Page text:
I only ever liked the first four albums and the EP of coarse which first made me take notice. Being a musician is a strange job. In fact its not really a job it’s a bloody privilege. The trouble is its an industry that’s based on synthetica and vanity. If your work doesn’t sell its not considered worthy which is a mistake. Greed and control also dictate the careers of bands. I’m glad Chris got out and found a proper job where his talents are put to better use rather than milked by corporate greed.

  9. I sure wish they(original band members) could and would put aside their differences and come together as a group..there will never be another line up that could compare to their magic and talent…

  10. Hammerhead says:

    I’d like to see DeGarmo resurface and team up with Tate. Just think, with all the unwritten music DeGarmo has in his head…….the possibilities are endless!!!

  11. Mark DeGarmo says:

    All of this is total bullshit. Grunge happened people!
    Radio abandoned the Ryche along with EMI’s collapse, there was no market other than touring. Touring sucks, and Chris wanted to do what he loved. Being with his kids, and flying. He’s very happy, but would consider a reunion when everybody grows up. That’s the challenge….

  12. Ric Grace says:

    I didn’t really appreciate Queensryche until Mindcrime and after.
    I think that when Chris left, the band was nothing like what it once was. The music became simpler, not as structured as it once was.

    I wish Chris would get into something musical again!

  13. Chris Jordan says:

    I think what Queensryche is doing right now (in 2015) is excellent in almost every way. The only thing that’s missing are the hooks and a memorable chorus. I’m not suggesting a bunch of “sing songy” things, but if you think about earlier Queensryche, you had a recognizable bridge and then a chorus… You need that hook. Don’t get me wrong, it’s great that Tate is gone and the new guy can sing rings around him at this point, but that element is missing. I realize we’re not in the 80s anymore, but good is good.

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  15. Doug Walston says:

    The musical prowess and genius that Chris Degarmo contributed to Queensryche has set the bar extremely high in the artistic and creativity genres. Sadly to say as of until recent some of the original fire has finally been reignited back into the band and their sound especially on the new Condition Human album. Guitarists and musicians come and go like passing silhouettes through revolving doors but Chris painted sonic vivid images of incredible depth that very few could duplicate.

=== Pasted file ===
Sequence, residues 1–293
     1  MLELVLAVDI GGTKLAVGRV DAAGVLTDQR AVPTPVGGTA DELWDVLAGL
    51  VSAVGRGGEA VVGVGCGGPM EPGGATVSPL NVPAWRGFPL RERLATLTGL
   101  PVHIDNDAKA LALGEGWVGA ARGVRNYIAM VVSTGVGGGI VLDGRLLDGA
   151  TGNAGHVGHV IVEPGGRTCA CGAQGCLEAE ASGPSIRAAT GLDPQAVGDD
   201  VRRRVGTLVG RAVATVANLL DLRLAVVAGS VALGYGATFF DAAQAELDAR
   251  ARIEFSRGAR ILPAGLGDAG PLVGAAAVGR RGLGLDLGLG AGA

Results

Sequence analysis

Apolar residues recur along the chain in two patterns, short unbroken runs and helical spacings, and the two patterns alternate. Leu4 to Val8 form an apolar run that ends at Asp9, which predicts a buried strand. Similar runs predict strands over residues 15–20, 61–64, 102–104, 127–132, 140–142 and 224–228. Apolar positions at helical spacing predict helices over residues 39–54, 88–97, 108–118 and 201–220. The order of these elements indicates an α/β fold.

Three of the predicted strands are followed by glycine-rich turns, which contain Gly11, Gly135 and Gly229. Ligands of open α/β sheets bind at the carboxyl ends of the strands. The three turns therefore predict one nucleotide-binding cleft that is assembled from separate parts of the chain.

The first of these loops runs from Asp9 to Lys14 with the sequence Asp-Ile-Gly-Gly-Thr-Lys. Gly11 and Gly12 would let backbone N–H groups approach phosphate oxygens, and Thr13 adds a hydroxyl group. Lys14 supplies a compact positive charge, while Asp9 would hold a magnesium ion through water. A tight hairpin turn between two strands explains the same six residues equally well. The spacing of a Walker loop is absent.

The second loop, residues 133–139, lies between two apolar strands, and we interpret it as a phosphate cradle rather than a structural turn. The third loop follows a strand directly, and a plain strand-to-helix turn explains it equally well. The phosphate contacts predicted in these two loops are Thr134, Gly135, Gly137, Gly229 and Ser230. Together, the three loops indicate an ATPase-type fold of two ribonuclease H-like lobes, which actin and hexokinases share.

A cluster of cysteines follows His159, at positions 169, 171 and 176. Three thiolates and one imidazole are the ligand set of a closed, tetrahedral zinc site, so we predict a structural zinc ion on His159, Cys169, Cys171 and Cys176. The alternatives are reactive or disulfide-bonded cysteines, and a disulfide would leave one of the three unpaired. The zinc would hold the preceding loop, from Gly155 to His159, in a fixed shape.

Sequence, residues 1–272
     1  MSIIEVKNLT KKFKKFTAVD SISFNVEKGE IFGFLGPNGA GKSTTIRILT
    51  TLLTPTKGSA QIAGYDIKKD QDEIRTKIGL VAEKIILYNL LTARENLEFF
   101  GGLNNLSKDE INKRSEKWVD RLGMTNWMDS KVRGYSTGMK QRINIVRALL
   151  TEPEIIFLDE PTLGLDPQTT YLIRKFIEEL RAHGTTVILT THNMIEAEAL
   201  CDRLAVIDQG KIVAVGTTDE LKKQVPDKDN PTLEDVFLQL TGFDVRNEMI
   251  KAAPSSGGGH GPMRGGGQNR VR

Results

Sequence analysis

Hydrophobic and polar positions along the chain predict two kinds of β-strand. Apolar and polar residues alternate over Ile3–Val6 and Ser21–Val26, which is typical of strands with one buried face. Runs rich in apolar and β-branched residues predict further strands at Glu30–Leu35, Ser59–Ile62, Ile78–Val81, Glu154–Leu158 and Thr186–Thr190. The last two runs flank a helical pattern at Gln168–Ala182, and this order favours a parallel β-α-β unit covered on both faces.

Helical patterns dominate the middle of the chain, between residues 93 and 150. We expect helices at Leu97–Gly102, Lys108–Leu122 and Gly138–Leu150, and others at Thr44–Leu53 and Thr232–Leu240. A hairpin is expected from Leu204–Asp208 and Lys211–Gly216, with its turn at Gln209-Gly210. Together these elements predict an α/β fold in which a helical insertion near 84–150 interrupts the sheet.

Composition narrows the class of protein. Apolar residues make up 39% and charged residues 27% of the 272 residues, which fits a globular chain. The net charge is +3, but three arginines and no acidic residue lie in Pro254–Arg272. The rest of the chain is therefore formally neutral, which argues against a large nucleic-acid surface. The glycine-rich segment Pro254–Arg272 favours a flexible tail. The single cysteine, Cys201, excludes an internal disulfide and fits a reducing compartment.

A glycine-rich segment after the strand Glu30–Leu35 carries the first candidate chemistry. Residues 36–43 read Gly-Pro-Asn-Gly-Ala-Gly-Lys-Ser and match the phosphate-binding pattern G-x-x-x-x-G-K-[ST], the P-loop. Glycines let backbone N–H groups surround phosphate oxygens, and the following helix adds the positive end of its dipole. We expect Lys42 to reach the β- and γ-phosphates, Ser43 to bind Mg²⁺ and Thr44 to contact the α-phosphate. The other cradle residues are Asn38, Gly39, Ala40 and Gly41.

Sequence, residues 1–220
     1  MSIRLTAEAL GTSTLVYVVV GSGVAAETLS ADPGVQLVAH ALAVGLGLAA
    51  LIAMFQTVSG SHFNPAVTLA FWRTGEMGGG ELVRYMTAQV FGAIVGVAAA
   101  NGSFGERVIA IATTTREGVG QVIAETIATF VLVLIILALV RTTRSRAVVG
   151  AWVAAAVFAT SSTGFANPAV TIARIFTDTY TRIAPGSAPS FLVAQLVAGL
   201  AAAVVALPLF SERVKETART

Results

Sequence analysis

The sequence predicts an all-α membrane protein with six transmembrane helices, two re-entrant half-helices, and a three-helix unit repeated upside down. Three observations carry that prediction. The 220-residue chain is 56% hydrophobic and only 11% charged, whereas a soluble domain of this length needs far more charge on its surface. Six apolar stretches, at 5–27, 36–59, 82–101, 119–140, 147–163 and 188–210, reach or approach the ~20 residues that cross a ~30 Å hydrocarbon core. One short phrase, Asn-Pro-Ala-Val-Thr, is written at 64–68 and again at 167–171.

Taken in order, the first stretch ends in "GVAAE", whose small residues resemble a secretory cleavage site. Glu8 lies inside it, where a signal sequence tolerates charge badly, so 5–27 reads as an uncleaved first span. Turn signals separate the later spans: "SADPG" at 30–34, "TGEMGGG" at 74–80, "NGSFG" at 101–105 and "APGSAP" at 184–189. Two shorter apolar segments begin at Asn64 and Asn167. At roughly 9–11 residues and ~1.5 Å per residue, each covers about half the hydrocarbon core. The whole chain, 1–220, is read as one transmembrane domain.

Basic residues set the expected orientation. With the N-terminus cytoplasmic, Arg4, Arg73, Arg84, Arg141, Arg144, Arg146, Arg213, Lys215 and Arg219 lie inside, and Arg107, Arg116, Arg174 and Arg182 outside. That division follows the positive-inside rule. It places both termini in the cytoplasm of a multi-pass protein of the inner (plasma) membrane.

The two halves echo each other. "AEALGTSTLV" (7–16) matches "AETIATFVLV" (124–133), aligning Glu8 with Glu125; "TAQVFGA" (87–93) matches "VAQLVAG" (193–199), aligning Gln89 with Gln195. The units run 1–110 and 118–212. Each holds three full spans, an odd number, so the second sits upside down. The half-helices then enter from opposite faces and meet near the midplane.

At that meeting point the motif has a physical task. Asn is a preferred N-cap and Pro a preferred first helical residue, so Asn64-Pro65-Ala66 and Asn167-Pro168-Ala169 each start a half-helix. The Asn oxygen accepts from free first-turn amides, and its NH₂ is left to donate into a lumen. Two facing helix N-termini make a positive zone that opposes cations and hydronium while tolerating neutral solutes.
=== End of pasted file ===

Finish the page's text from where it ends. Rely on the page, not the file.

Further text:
His decision to leave Queensryche after achieving tremendous success and departing the music scene was hard for me to accept after being such a dedicated fan of his since I discovered their first self titled ep.
    But like all things in life we must evolve, transcend, and make necessary changes in order to sustain happiness regardless of whether it’s in the limelight or the darkness of obscurity.
    I feel blessed to have met him in person at a meet and greet during the warning tour but unfortunately lost his autograph. Even then his soft spoken gentle nature was evident of his compassion for being a kind hearted caring individual who emitted an aura of greatness.
    I wish him and his family all the best in the world and hope he continues to prosper for his music has touched and inspired me for over 30 years and still counting.

  16. Rich says:

    This may be nothing, but it brings back a memory. I saw ryche on the Rage for Order tour, and I have always since vividly remembered Degarmo staring blankly out through the audience while playing. Robotic like. It always struck me as strange and remained the most vivid memory I have of that concert. He didn’t look happy. I don’t know if he was or wasn’t, but he didn’t look fulfilled, even way back then. Maybe nothing. Just an observation. Regards.

    • Jean Guion says:

      degarmo was feeling the detachment of growing old…like all wolves..they require the company of other wolves..not easy to find in group of cats….i know a guy in town here…same scenario…very talented gutarist..
      I can see so much energy in him ..but hes got no one to share it with..very cold player…badass but very cold…degarmo is the same…like steve via..but with no sass..

  17. Tracey says: